by Akshita Nanda, Arts Correspondent
Featured in the LIFE Section of The Straits Times, founders Chong Huai Seng and Ning Chong shared about their common love of art and their vision to cultivate connoisseurship amongst new and seasoned art collectors.
Click here for full article.
“Art is not merely about aesthetics or being provocative, behind every collected work of art lies an anecdotal encounter between the collector and the artist or the artwork” – Mr Chong Huai Seng
Below is the English summary of the Chinese interview which can be found on zaobao.com.sg. For the full article, please click here.
In Lianhe Zaobao (联合早报)’s Sunday edition on 30th August 2017, co-founder of The Culture Story, Chong Huai Seng, shares his journey as an art collector. Like any other young collector, Chong started buying art in a way not too dissimilar from a tourist buying souvenirs as a keepsake of his travels. The years of experience, exposure, in-depth reading, and readily accessible information on the internet however, has shaped Chong into an astute collector aware of his own sensibilities and perceptions towards art. Unlike many who bought art as an investment, Chong consumed and collected art. Over the years, collecting eventually became an accumulation of asset. Alongside the personal growth, his preferences have also changed. From an interest in Western works while in the 1990s , Chong’s frequent travels to China eventually led him to take interest in Chinese ink works in the early 2000s. While at it, he helped to establish the China Art Foundation in 2003 and ploughed efforts into promoting and supporting Chinese ink artists. After returning to Singapore, Chong turned to collecting works by Singaporean and Southeast Asian artists such as Hilmi Johandi, Wong Keen, Siew Hock Meng, Lee Boon Wang and Filipino artist Augusto Albor.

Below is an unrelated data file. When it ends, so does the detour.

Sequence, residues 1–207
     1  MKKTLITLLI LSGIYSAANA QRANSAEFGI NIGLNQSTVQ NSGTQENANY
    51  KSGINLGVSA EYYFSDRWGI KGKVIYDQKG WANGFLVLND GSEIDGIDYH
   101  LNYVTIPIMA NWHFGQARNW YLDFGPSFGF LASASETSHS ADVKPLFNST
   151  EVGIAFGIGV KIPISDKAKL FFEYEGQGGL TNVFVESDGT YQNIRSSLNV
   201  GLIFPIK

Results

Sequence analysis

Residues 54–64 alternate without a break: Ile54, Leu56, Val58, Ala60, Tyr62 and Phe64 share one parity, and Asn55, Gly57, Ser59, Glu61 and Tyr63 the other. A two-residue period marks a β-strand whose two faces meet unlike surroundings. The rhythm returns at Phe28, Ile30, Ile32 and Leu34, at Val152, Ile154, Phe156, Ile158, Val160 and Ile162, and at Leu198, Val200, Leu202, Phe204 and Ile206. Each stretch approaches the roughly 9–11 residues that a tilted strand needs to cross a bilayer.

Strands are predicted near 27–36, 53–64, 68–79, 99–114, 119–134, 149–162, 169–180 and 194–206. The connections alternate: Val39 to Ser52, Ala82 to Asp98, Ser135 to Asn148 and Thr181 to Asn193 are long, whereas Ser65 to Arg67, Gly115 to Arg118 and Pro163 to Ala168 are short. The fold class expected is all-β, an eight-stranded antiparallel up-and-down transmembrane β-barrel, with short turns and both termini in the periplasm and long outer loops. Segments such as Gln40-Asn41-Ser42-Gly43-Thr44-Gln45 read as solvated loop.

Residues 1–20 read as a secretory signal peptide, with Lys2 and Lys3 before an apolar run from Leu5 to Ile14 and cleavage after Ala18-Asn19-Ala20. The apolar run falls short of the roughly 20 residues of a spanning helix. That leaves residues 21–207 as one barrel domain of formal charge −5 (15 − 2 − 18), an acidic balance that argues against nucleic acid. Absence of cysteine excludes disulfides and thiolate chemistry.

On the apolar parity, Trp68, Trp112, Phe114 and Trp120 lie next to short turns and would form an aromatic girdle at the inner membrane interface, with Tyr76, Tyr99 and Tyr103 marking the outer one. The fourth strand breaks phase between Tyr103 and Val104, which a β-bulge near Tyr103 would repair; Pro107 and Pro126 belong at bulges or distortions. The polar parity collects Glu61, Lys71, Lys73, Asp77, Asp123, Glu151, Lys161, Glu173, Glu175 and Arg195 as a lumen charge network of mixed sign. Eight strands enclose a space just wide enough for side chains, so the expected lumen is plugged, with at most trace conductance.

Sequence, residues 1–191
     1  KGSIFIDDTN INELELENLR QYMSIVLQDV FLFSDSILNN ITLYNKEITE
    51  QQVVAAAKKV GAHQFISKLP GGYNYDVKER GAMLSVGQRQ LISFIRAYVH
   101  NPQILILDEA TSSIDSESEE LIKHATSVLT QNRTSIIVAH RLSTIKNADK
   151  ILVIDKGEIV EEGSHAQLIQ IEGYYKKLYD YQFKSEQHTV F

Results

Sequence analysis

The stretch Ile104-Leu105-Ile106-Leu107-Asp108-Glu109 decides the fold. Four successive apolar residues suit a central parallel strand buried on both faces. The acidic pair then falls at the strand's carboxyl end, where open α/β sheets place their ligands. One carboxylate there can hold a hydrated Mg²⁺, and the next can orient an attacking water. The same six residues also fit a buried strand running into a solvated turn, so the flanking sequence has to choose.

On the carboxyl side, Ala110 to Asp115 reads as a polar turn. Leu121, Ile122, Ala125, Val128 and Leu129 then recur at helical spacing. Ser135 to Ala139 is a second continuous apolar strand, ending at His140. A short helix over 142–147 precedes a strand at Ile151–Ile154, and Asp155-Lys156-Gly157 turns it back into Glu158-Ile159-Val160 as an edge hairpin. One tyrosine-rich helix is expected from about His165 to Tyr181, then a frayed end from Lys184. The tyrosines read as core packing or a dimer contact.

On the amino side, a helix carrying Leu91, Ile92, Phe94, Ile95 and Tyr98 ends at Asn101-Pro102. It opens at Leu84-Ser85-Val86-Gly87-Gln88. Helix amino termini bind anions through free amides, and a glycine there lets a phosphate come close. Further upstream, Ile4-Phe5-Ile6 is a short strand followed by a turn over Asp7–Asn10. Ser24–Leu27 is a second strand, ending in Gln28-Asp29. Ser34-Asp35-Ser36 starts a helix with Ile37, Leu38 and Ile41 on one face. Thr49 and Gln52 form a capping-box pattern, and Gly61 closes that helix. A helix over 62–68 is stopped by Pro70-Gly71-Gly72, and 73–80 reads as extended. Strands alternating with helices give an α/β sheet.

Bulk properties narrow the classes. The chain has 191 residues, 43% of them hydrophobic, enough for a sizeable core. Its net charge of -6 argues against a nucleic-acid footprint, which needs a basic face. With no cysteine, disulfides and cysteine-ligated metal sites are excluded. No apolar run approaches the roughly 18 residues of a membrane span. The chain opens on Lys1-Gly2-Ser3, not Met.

From the outset, Chong took an interest in collecting works by lesser known artists but were no less powerful in striking a personal resonance. While it is easier to find concurrence on opinions towards famous artworks, the works of lesser known artists require an intimate understanding of the artwork and the artists. It is with this sincerity that Chong collects art. With earnestness, Chong seeks to understand and develop a personal relation with each piece of work. He believes that a collector need to take risks, develop their own individuality and aesthetic sensibility, and prioritize works that contain social commentaries.